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Friday, July 16, 2004

Immigrants Help America

From the Wall Street Journal (paid subscription):

So much of today's contentious immigration debate focuses on those arriving from Latin America to work in agriculture or take low-level service jobs that Americans tend to spurn. But a new study by Stuart Anderson of the National Foundation for American Policy reminds us that the contributions of skilled foreign-born professionals and their offspring are no less important to the U.S. Without them the country would be hard pressed to maintain its world-wide advantage in such fields as math and science.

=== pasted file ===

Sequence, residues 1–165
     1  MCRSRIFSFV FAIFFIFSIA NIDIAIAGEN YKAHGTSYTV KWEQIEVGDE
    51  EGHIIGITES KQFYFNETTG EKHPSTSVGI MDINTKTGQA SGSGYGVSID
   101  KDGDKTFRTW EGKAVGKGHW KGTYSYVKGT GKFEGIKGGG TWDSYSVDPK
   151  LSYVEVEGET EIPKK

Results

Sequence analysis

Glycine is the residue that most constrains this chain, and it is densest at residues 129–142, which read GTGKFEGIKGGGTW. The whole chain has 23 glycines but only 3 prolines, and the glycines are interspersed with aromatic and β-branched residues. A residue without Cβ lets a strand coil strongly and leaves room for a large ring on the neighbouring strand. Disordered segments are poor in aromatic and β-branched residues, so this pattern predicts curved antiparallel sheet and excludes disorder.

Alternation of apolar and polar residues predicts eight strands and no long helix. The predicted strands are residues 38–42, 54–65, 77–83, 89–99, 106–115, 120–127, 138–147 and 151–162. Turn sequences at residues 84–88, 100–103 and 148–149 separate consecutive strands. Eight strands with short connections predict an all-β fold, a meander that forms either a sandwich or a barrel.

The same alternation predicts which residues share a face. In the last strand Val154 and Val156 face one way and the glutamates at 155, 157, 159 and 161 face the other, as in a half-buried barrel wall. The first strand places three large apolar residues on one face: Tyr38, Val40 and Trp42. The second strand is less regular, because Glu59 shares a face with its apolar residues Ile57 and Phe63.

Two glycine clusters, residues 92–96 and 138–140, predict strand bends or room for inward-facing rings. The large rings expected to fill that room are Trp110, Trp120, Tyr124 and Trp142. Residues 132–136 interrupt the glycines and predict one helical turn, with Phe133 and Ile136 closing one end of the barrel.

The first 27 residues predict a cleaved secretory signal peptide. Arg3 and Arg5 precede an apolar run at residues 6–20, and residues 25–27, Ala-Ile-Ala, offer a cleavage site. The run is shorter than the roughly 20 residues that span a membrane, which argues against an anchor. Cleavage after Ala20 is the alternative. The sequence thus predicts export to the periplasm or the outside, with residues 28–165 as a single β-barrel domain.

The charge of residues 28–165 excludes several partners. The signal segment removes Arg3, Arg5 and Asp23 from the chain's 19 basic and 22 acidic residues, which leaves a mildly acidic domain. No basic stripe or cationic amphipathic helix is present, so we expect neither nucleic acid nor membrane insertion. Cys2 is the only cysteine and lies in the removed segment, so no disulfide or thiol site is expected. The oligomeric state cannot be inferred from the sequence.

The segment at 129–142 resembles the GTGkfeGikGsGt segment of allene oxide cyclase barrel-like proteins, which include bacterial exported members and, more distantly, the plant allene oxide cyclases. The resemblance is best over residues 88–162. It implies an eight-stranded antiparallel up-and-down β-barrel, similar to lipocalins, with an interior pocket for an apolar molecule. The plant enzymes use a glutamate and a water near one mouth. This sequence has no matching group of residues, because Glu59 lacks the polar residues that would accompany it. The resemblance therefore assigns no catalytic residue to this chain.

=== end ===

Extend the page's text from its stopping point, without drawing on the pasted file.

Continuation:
The report, titled "The Multiplier Effect," will be released on Monday and available at www.nfap.net. Here are some highlights:

• More than half of the engineers with Ph.D.s working in the U.S., and 45% of the nation's computer science doctorates, are foreign-born. 

• Children of immigrants comprise 65% of the 2004 U.S. Math Olympiad's top scorers (13 of 20) and 46% of the U.S. Physics Team (11 of 24). 

• At this year's Intel Science Talent Search, which recognizes the nation's top math and science students, 60% of the finalists and seven of the top 10 award winners were immigrants or their children. Last year, three of the top four awardees were foreign-born.

 

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8/28/2006 8:37 AM  

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